Saturday, August 25, 2018

JOHN McCAIN, 1936-2018.

A lot of reactions to the death of John McCain have been bitterly negative -- and even when they speak well of him it comes with demurrers. I understand that: McCain was a great advocate of the senseless Iraq War, and a foreign policy belligerent in general; he also foisted on us Sarah Palin, the progenitor of the trend toward wingnut kabuki GOP candidates that got us Trump. And he left a series of fuck-yous to decent democratic governance that persisted right down to the end.

I would say in his defense that, for a mainstream politician in our low, mean age, he could have been much worse. When George W. Bush smoked McCain in 2000, it wasn't the black baby bullshit that did it; that never would have made a difference if W. hadn't bought off the fundamentalists, and he wouldn't have bought off the fundies if they hadn't tumbled that Bush was as corrupt and vicious as they were. (We see in their current embrace of Trump just how low they've always been.) McCain couldn't even pretend to make that sale. To me that's a big point in his favor.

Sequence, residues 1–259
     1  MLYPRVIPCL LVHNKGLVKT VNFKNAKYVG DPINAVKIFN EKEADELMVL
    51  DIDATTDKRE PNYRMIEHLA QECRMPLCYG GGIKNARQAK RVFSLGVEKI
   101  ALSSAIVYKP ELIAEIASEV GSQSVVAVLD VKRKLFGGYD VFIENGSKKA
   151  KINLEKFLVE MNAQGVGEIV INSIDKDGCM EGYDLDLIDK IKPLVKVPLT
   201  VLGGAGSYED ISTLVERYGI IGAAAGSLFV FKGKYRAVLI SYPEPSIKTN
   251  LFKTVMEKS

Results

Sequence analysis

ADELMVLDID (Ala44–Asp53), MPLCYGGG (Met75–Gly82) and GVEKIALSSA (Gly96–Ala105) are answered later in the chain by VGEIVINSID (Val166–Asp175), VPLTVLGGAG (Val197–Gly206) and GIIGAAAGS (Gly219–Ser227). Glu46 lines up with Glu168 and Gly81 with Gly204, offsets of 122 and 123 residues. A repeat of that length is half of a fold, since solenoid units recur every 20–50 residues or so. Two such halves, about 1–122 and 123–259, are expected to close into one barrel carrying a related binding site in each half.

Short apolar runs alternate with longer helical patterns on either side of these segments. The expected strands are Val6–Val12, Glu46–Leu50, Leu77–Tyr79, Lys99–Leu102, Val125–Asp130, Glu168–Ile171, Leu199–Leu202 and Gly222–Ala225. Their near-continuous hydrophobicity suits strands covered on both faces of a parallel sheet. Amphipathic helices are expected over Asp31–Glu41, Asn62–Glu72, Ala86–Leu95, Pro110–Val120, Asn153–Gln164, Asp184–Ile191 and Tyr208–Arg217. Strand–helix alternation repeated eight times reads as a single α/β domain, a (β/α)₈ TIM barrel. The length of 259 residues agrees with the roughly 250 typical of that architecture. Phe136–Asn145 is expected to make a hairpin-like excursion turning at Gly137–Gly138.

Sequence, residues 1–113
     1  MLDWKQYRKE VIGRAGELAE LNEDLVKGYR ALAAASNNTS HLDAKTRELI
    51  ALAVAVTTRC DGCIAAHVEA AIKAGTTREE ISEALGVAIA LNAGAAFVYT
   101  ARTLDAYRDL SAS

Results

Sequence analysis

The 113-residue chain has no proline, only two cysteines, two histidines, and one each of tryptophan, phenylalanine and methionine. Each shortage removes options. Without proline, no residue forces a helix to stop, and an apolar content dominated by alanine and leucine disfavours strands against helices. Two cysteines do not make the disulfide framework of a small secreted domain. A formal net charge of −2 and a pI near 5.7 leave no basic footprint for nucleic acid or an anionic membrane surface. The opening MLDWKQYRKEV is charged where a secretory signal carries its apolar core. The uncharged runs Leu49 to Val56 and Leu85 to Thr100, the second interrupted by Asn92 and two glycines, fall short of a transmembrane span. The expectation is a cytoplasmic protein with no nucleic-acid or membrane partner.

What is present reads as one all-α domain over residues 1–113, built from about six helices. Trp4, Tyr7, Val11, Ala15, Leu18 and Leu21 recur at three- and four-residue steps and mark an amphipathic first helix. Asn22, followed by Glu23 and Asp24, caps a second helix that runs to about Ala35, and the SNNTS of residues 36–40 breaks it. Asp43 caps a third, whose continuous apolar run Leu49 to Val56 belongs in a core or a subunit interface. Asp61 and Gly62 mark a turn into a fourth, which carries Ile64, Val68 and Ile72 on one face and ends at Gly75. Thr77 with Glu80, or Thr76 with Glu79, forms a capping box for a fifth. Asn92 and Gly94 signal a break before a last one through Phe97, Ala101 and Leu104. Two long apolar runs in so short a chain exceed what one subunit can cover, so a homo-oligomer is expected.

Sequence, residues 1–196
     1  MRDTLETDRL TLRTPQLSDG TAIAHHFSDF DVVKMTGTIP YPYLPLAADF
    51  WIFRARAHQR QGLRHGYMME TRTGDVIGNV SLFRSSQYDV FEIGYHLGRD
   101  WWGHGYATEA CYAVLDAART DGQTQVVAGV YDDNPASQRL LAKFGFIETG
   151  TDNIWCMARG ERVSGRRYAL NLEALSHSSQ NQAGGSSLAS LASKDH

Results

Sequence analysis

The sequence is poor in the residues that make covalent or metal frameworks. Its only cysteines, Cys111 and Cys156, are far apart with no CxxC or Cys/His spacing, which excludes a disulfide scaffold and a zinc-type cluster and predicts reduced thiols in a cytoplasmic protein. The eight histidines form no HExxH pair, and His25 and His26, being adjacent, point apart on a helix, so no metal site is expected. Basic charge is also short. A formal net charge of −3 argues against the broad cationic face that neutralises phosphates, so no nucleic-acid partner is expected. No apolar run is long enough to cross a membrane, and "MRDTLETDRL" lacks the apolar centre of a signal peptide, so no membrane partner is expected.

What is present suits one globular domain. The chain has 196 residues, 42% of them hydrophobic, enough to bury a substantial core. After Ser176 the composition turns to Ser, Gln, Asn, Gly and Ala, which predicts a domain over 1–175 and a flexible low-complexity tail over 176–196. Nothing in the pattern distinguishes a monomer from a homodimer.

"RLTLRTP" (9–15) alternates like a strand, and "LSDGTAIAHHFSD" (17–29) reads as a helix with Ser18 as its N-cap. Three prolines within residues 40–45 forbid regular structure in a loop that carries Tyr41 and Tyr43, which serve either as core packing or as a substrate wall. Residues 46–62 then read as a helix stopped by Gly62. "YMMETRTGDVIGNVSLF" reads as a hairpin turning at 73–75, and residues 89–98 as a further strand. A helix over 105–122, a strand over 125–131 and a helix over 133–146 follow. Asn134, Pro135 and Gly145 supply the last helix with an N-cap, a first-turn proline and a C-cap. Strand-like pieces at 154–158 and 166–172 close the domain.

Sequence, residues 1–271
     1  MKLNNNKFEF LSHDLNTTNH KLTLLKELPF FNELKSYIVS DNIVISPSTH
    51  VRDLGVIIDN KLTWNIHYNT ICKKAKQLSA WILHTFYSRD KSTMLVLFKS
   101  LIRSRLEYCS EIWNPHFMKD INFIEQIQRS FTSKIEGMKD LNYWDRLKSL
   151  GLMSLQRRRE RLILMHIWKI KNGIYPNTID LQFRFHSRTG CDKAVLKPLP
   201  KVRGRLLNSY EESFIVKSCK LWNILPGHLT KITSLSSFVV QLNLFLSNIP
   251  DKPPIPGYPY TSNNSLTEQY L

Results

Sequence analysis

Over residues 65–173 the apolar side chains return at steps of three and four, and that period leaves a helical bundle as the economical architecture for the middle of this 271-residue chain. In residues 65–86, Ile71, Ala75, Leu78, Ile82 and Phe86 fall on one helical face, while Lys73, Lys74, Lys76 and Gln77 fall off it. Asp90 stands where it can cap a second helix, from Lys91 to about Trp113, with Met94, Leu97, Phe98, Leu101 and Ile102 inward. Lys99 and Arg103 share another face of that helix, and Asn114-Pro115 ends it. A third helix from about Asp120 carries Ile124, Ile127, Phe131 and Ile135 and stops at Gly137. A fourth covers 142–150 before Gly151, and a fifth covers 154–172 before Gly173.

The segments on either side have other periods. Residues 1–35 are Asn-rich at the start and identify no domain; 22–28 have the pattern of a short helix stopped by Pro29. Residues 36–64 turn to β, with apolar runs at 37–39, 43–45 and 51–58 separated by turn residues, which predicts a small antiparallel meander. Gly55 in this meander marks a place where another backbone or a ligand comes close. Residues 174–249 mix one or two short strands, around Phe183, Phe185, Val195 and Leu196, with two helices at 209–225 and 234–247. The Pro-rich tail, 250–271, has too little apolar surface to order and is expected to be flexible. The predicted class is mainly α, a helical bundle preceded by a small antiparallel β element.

Also, McCain had strict limitations on what he could get voters to accept, notwithstanding his famous bravery in the face of detention and torture during the Vietnam War. (Americans affect to love their vets, but for the most part haven't given them much advantage at the polls unless they share their principles -- or, as in the case of Tom Cotton, lack of same.) While, for example, I understand why Vox's Jennifer Williams finds McCain's legislative stance on torture "complicated" -- leaving wiggle room as it did for CIA depredations -- I would answer that for any Republican to go as far as he did then was extraordinary, and now that he's gone it's unimaginable.

Picking Palin was a crime, for sure. When I think of that, though, I think of McCain's concession speech on Election Night 2008 -- thumbnail-covered by me here -- and his rueful reference to "the most challenged campaign of modern times." I look back at the crowd for that speech. I referred to them at the time as a "gang of angry honkies," and I remember thinking they wanted more of something a lot more primal and sick than McCain was willing to give them, then or ever. You can see those people now in the slavering crowds at Trump rallies. They were the deluge that came after.

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